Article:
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Family: School Didn't Protect Son With Autism From Violent Bullying

NEW YORK (CBSNewYork) - After a brutal assault by a school bully kept a special needs student in the Bronx from returning to class for a year, his family filed a lawsuit against the city saying the attack could have been prevented.

George Cabassa Jr., now 20, still cries over the day he says a student at the Morris Academy in the Bronx sucker punched him in the face while he was at the water fountain, reports CBS2's Lisa Rozner.

"When I came out of surgery, I couldn't do nothing," said Cabassa, who still gets emotional recalling the attack.

His father, George Cabassa Sr., points out the lingering mark left behind.

"A knuckle print right under his nose and under his eye cheek," said Cabassa Sr.

George Jr., who is autistic and has a speech impediment, says he was the only special needs student at the school and other students picked on for it.

"Like, I'm not going to be able to make it to graduation from where I was before," said Cabassa Jr.

The alleged assault was three years ago. His parents say they asked for a school transfer seven times, writing "He is not safe."

George is now in his third year as a senior at a different high school. His lawyer says the Department of Education only transferred him after the family sued the shcool.

The complaint is still in the pre-trial phase, but attorney Avi Cohen says damages are at least $500,000.

"A lot of people fall through the crack, and George is living testament of that," said Cohen.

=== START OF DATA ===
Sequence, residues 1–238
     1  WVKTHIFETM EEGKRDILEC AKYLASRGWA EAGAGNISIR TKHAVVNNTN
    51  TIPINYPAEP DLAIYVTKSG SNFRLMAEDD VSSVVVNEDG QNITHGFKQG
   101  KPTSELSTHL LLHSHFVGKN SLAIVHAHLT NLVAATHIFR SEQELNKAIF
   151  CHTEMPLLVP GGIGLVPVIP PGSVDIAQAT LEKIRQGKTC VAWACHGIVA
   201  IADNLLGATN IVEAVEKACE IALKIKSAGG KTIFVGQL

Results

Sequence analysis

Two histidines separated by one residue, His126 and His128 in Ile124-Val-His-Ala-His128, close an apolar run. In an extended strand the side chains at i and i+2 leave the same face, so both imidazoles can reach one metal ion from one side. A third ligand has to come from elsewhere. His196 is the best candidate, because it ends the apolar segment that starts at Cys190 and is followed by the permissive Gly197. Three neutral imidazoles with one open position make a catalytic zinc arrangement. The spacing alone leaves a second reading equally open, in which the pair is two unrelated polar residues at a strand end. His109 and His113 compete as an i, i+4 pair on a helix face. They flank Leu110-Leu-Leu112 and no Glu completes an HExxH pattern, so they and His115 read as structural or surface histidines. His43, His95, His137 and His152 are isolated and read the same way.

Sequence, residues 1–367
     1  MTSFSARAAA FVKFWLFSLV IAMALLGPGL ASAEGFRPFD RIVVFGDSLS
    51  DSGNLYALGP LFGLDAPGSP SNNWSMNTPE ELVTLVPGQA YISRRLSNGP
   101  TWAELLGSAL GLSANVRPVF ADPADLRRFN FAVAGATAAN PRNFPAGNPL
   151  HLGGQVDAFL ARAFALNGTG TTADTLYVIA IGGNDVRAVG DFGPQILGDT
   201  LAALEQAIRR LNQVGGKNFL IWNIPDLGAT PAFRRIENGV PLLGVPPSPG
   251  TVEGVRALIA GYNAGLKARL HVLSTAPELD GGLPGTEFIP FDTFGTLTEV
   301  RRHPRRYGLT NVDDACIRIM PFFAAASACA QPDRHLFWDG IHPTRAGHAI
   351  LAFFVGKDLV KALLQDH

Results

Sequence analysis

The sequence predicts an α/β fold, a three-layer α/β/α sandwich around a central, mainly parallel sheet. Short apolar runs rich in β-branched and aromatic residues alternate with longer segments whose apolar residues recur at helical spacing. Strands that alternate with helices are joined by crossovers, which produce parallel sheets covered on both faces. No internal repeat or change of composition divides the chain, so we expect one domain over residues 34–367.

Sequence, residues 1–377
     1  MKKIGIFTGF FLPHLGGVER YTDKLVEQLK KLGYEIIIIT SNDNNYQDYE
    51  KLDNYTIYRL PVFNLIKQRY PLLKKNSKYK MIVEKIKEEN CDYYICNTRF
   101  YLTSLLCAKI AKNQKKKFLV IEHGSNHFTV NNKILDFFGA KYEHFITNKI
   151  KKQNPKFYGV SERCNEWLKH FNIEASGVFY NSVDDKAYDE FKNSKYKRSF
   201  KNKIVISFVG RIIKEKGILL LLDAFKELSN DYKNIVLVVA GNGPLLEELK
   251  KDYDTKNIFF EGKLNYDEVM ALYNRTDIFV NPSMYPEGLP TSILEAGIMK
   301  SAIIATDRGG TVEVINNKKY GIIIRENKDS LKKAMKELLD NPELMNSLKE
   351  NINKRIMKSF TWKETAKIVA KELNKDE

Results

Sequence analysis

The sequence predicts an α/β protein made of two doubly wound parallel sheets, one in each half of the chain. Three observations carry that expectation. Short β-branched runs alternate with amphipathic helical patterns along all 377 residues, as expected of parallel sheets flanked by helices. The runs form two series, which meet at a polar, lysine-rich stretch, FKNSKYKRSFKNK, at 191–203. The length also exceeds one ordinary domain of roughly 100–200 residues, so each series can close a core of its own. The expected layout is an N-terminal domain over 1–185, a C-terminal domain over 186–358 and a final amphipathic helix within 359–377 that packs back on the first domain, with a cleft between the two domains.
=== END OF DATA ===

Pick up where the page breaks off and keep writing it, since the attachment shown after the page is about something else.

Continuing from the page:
Just last month the city's Department of Education settled a class action lawsuit with the parents of 24 students who had similar allegations.

READ: Class Action Lawsuit - Summary | Class Action Lawsuit - Complete

"Oftentimes the school wouldn't respond at all, they wouldn't even confirm that they were conducting an investigation. They didn't take action against the bullies," said Jim Walden, the attorney for the class action lawsuit.

The city agreed to grant safety-transfer requests for students after one bullying incident and establish an electronic reporting system for investigations of bullying.

Education policy expert David Bloomfield of the CUNY graduate center says Cabassa's case is one of many.

"It should have seen this coming, but now we have at least some sort of Band-Aid at least. But the real problem is bullying itself," he said.

"I don't want that to happen to someone if they're dealing with something like this," said Cabassa Jr.

The Cabassas say George will graduate in June and hopes to go on to trade school.

The Department of Education declined CBS2's request for an on-camera interview but did issue a statement about the Cabassas' case.

"We treat any instances of bullying with the utmost seriousness, and have provided an appropriate placement for the student‎," said department spokesperson Douglas Cohen.

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